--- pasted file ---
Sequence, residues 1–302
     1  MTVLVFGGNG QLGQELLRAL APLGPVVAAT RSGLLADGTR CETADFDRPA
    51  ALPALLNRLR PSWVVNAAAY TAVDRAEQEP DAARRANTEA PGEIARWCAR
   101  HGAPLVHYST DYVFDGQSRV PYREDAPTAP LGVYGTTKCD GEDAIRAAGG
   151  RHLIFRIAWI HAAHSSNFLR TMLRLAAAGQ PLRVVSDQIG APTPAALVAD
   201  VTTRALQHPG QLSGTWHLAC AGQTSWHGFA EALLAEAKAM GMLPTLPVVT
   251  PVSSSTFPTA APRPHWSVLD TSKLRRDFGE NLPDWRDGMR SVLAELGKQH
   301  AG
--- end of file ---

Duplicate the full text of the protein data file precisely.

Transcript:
Sequence, residues 1–302
     1  MTVLVFGGNG QLGQELLRAL APLGPVVAAT RSGLLADGTR CETADFDRPA
    51  ALPALLNRLR PSWVVNAAAY TAVDRAEQEP DAARRANTEA PGEIARWCAR
   101  HGAPLVHYST DYVFDGQSRV PYREDAPTAP LGVYGTTKCD GEDAIRAAGG
   151  RHLIFRIAWI HAAHSSNFLR TMLRLAAAGQ PLRVVSDQIG APTPAALVAD
   201  VTTRALQHPG QLSGTWHLAC AGQTSWHGFA EALLAEAKAM GMLPTLPVVT
   251  PVSSSTFPTA APRPHWSVLD TSKLRRDFGE NLPDWRDGMR SVLAELGKQH
   301  AG